- employees would be free either to disclose, or not disclose, their remuneration and any other employment conditions that determine that remuneration. Nothing within the amendments is intended to compel any employee to disclose such information. Both this and the right to ask other employees about their pay would be treated as workplace rights, for the purpose of the adverse action provisions in Part 3-1 of the FW Act;
- any provision in an employment contract, award or enterprise agreement that prohibited employees from asking about or disclosing their remuneration and other relevant conditions would be treated as unenforceable; and
- employers would be prohibited from including any pay secrecy clauses in new contracts or other written agreements.
The intention of these changes is to allow employees to use the information provided by other employees to assess whether their own remuneration is fair and comparable within the workplace, or the wider industry, as well as to consider past remuneration with previous employers.
Pay secrecy clauses in employment contracts agreed to before the amendments took effect would remain enforceable, but only up to the point at which any variation to that contract was agreed. Employers would also have a six-month grace period before being exposed to penalties for including such clauses in their new contracts.
If these provisions are ultimately enacted, it will be more important than ever for employers to ensure that employees are being paid above any mandatory minimum rates, and that any variation of pay rates amongst employees can be justified (based on experience, qualifications, etc.).
Limiting the use of fixed term contracts
The Bill proposes to include the promotion of job security as one of the stated "objects" (purposes) of the FW Act. It has little to say otherwise about that topic, other than in relation to fixed term contracts, on which there are significant but complex new rules.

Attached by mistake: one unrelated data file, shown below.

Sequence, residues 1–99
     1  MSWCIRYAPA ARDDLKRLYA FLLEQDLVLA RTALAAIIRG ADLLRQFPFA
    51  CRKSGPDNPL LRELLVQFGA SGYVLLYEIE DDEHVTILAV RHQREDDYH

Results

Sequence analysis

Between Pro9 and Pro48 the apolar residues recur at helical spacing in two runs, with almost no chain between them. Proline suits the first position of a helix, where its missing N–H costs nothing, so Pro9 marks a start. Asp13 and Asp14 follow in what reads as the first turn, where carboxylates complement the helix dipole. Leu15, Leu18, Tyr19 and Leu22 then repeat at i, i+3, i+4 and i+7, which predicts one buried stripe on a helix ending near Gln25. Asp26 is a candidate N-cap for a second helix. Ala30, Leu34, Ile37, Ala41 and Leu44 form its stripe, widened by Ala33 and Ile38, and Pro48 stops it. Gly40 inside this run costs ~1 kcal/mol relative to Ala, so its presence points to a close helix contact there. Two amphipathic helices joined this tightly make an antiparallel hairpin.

Subject to the exceptions noted below, the proposed amendments would substantially limit an employer's ability to offer fixed term employment for periods of more than two years. Fixed term contracts with a right to renew if the total period extended beyond two years, or if there was a right to renew the period more than once, would also be prohibited.
Consecutive fixed term contracts would likewise be prohibited where each contract was for a fixed term, the job or position was substantially the same in each, there was "substantial continuity" between the contracts, and the total period was either more than two years, or the previous contract contained an option to renew. According to the Explanatory Memorandum, the reference to substantial continuity is intended to cover a situation where there is a break between contracts, but the employment is expected to continue: for example, a break between teaching semesters, or a short period of unpaid leave.
Entering into any of the prohibited types of contract after the amendments took effect, or seeking to avoid the new limitations, would constitute a breach of a civil remedy provision. A prohibited contract would still be enforceable, except that any term that provided that the contract would terminate at the end of the fixed term would have no effect. Essentially, the contract would be treated as indefinite in nature and presumably terminable by reasonable notice even in the absence of expressly agreed notice periods.